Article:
Merge transformation in Centerprise is designed to merge data fragments from disparate sources, based on some predefined logic, and present it in a consolidated form to draw actionable insights.
Sample Use Case¶
Let’s assume that there is an organization that maintains customers’ data in two different departments – Marketing and Sales. Marketing department stores information in a database table and Sales department maintains an Excel sheet for storing customers information. We want to merge the information from both the sources, so that we have consolidated data.
Steps to Use Merge Transformation in Centerprise Data Integrator¶
1. Drag-and-drop the relevant source objects from the Toolbox to the designer. (Click here to find how to set up sources.)
(Note: In this case, the marketing department has the customer information stored in a database, whereas the sales department records customer information in an Excel file. Therefore, we will use a Database Table Source and an Excel Workbook Source as source objects.)
2. The Merge transformation object merges data from a single source only, we will first combine both the records using the Union transformation object. We will then map fields from the data sources to the Union transformation object and add a new field DataSource to keep track of which information is coming from which source.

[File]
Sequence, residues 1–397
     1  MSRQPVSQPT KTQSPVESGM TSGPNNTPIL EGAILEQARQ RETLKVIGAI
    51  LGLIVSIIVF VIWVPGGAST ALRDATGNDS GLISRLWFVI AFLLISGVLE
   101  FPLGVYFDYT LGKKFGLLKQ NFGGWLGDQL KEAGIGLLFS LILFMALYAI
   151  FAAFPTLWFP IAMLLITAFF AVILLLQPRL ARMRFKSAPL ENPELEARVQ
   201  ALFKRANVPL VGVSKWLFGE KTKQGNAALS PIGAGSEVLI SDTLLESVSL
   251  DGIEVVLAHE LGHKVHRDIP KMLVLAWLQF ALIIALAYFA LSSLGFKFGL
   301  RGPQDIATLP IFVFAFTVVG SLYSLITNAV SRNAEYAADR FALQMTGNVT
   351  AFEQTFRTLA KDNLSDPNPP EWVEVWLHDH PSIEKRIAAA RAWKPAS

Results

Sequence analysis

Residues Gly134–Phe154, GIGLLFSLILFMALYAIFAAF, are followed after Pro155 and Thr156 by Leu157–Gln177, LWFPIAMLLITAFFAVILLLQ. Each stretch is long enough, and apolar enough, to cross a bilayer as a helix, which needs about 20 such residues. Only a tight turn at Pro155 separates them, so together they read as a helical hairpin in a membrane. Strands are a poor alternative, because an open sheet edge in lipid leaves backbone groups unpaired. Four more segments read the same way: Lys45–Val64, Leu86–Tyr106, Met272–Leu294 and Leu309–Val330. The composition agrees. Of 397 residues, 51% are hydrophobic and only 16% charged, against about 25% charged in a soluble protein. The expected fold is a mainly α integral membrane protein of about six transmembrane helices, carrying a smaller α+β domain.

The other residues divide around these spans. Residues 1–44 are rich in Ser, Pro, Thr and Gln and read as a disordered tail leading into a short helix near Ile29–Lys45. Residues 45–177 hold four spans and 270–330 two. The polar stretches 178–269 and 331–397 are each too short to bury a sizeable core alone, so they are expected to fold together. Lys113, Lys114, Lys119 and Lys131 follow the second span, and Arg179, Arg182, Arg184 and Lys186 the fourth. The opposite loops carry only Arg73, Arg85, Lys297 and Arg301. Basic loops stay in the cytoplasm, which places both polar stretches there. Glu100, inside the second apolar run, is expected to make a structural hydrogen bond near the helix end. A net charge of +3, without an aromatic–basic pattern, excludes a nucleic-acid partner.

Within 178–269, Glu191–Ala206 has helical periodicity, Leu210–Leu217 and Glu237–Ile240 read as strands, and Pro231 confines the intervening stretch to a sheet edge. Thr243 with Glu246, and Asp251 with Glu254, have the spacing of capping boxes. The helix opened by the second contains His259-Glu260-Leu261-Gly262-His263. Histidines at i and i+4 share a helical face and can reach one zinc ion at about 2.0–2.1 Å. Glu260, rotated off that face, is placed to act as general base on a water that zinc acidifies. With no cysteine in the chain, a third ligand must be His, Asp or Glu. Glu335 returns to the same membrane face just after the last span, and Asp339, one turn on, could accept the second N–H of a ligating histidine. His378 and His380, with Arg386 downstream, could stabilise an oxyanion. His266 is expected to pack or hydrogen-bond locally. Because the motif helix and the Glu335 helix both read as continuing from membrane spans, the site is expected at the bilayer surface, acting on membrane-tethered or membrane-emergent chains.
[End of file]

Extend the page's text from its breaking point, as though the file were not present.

3. Drag the Merge transformation object from the transformations section in the Toolbox and drop it on the dataflow designer.
This is what a Merge transformation object looks like:
4. Map the Union transformation object’s output to the Merge transformation object.
5. Right-click on the Merge transformation object to set up transformation properties in the Layout Builder window. This is what the Layout Builder window looks like:
6. In the Layout builder window, specify the Primary Key. This is a common identifier that identifies similar records from various sources and merges the information against these records.
(Since we are consolidating different customer records, we will set up CustomerID as the Primary Key in this case.)
7. Next, you have to specify the field to be used as Version. If your data is coming from multiple sources, the Version field shows which source the data is coming from in the final merged output. In this case, we will use the Data Source field we added in the Union transformation object as the Version field.
8. Next, specify the Survivor Type for each field. Survivor Type allows you to choose the survivor values – the values you want to retain from your data sources – for each field. Survivor Types are set as First by default. However, depending on your case, you can choose the Survivor Type from the following options:
|First||Returns data from the first data source for that field|
|Last||Returns data from the last data source for that field|
|Maximum||Returns the maximum value from all available input data sources|
|Minimum||Returns the minimum value from all available input data sources|
|Count||Returns the total count number of all values that exist in the field|